New Delhi:The Reserve Bank of India (RBI) will transfer a little over Rs 1.76 lakh crore to the Narendra Modi government, in a move that will give greater fiscal leeway to the Centre and bring to an end the contentious debate over the central bank’s ‘excess reserves’.
In doing so, the RBI’s central board has agreed to accept all the recommendations of the Bimal Jalan committee, which was set up in December 2018 to re-evaluate the central bank’s economic capital framework (ECF).
Out of the Rs 1.76 lakh crore, of which Rs 28,000 crore has already been transferred as an interim dividend, a little over Rs 52,000 crore is what the committee has defined as “excess provisions’ or excess capital.
“The Central Board… today decided to transfer a sum of Rs 1,76,051 crore to the Government of India (Government) comprising of Rs 1,23,414 crore of surplus for the year 2018-19 and Rs 52,637 crore of excess provisions identified as per the revised Economic Capital Framework (ECF) adopted at the meeting of the Central Board today,” a RBI press release noted.
Every year, the RBI makes a ‘surplus transfer’ to the Centre, typically defined as excess income over expenditure. In the last six years, this transfer has ranged between Rs 30,000 crore to Rs 65,000 crore.
The problem revolves around the fact that the RBI doesn’t transfer all of its ‘excess income’, or profit, to the government. It holds back some of it as a safeguard for a rainy day and calls that its ‘reserves’.
Over the last year, the central bank and the Centre, especially under former RBI governor Urjit Patel’s tenure, have bickered over whether the RBI could hand over a greater portion of its ‘excess reserves’.
These reserves – which are categorised into different buckets ( currency and gold revaluation account, investment revaluation account, asset development fund and contingency fund) – amounted to almost Rs 9.6 lakh crore for FY’18. Two of these buckets are bigger than the others: the RBI’s contingency fund is at Rs 2.5 lakh crore, while the currency and gold revaluation reserve is at Rs 6.91 lakh crore.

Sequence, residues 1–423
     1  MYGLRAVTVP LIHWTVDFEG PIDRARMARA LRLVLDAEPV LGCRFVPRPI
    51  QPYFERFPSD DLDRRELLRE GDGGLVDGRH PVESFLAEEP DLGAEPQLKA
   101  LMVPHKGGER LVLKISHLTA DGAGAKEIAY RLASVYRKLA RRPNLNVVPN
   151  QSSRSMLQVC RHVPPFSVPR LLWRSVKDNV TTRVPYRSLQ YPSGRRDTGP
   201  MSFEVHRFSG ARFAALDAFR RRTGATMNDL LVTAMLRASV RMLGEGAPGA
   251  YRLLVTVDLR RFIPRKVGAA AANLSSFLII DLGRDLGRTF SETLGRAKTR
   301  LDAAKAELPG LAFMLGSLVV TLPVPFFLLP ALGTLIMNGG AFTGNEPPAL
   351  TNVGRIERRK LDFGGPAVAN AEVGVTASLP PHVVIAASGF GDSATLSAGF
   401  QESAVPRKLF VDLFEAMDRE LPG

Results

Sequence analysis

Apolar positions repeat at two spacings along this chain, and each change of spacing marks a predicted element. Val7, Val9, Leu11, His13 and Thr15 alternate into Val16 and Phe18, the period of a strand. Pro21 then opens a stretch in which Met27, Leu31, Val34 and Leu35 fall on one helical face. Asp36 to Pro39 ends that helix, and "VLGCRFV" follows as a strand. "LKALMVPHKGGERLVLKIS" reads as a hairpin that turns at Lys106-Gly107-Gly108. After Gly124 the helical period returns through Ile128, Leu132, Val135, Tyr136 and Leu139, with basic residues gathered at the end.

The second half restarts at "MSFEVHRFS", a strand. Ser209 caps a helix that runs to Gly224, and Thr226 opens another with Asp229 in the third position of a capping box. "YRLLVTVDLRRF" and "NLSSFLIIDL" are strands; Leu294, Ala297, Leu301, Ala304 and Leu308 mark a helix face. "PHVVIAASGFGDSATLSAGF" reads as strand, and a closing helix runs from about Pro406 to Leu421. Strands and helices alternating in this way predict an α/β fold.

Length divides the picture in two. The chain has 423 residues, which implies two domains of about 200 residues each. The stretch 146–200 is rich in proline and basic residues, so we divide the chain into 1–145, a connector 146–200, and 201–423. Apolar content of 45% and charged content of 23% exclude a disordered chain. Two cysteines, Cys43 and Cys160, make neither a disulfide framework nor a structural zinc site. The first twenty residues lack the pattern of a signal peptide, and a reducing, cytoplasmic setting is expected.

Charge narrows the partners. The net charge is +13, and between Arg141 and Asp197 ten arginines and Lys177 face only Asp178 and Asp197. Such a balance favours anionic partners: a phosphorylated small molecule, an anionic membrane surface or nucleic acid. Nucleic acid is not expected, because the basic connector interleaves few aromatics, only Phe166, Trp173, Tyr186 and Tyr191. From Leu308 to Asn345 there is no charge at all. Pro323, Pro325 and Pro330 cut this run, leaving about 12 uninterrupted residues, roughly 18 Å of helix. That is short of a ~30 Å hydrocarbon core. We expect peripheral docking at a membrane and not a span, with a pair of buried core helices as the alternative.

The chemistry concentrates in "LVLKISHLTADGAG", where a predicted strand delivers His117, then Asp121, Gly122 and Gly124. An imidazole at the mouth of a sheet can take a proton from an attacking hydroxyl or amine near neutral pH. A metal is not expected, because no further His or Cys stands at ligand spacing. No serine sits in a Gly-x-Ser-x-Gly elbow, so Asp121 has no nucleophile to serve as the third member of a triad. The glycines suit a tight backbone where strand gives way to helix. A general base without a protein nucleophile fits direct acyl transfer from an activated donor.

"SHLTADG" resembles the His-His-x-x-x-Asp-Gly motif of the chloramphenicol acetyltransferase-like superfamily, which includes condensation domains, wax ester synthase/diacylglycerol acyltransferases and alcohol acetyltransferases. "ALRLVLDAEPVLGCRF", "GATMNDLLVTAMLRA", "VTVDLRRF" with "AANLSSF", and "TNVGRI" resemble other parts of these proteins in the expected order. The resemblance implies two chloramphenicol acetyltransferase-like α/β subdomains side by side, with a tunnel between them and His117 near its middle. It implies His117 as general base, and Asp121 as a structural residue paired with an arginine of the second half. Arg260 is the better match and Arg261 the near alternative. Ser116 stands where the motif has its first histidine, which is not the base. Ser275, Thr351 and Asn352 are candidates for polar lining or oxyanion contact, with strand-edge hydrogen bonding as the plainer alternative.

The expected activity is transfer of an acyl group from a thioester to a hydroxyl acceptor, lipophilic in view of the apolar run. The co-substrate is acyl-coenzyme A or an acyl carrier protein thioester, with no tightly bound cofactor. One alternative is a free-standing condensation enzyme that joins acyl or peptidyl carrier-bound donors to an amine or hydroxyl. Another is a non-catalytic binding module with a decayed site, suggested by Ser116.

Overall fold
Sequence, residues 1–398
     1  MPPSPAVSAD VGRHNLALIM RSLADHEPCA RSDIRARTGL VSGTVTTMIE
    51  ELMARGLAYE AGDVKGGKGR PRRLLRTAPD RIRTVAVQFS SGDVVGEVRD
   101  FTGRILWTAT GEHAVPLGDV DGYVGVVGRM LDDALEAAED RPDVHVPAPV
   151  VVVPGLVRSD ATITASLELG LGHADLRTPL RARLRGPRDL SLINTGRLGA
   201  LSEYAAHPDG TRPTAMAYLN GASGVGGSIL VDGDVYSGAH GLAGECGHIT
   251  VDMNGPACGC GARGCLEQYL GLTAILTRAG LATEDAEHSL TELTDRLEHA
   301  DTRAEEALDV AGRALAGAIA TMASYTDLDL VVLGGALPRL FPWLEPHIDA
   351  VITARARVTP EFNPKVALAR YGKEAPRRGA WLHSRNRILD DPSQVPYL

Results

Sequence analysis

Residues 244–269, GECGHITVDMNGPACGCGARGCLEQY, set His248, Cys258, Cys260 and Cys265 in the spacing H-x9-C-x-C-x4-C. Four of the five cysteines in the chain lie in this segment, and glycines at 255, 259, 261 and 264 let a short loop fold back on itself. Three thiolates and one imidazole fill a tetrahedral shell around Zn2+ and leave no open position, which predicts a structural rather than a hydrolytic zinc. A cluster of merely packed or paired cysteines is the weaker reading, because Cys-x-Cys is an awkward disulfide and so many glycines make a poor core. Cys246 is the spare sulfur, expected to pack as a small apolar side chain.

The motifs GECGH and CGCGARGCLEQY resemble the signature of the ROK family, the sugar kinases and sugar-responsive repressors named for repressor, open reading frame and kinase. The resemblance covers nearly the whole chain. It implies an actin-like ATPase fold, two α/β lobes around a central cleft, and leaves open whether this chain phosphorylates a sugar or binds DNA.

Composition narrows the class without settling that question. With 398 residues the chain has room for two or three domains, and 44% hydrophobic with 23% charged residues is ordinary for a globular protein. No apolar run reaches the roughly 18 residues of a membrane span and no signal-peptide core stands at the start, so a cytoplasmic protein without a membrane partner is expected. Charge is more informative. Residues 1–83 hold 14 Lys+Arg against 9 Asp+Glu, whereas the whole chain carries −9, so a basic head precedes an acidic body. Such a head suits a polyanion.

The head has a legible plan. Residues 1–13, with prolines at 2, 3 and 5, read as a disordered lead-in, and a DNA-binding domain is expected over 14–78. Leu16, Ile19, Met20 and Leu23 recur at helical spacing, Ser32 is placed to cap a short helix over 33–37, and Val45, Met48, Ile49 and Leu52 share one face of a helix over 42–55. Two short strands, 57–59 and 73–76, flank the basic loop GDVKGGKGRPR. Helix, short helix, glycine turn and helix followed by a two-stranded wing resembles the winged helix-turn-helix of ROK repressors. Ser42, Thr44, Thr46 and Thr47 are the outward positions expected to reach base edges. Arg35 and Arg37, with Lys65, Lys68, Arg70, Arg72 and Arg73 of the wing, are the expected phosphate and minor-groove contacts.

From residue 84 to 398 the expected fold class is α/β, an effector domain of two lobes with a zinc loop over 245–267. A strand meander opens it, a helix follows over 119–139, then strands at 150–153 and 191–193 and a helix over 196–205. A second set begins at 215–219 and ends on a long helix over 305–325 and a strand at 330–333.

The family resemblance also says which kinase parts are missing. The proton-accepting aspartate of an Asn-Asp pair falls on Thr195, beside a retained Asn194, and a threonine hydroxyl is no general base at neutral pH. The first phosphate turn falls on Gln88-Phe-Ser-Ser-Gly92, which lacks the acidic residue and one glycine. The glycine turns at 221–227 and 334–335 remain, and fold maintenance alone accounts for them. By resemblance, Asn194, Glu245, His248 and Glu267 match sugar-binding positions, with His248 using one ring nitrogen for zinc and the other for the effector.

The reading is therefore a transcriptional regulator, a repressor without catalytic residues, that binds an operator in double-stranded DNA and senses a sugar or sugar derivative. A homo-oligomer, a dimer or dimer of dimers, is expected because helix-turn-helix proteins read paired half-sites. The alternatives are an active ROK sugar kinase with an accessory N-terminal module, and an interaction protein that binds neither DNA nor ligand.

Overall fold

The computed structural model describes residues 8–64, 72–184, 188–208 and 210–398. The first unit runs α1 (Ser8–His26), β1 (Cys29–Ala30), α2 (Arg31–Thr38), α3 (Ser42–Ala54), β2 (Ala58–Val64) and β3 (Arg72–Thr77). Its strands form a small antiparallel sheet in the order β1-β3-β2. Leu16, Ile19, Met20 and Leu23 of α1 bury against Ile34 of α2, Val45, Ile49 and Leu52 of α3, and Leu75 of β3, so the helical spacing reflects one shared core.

In the last year, media reports had indicated that the Modi government wanted up to Rs 3 lakh crore of the central bank’s reserves. This does not appear to have happened.
The Jalan panel has recommended that a clear distinction should be effected between what it calls the ‘realised equity’ component of the central bank’s reserves and the ‘revaluation component’.
“Given that the available realized equity stood at 6.8% of balance sheet, while the requirement recommended by the Committee was 6.5% to 5.5% of balance sheet, there was excess of risk provisioning to the extent of ‘11,608 crore at the upper bound of CRB and ‘52,637 crore at the lower bound of CRB. The Central Board decided to maintain the realized equity level at 5.5 per cent of balance sheet and the resultant excess risk provisions of `52,637 crore were written back.” [Emphasis added by The Wire].
The panel also notes that the new revised ECF framework would allow the RBI’s economic capital levels to lie within the range of 24.5% to 20% of balance sheet. Since “financial resilience” is within a “desired range, this paves the way for transferring the entire net income of Rs 1.23 lakh crore.
The statement points out:
“The economic capital as on June 30, 2019 stood at 23.3 per cent of balance sheet. As financial resilience was within the desired range, the entire net income of Rs 1,23,414 crore for the year 2018-19, of which an amount of Rs 28,000 crore has already been paid as interim dividend, will be transferred to the Government of India. This is in addition to the Rs 52,637 crore of excess risk provisions which has been written back and consequently will be transferred to the Government.” [Emphasis added by The Wire]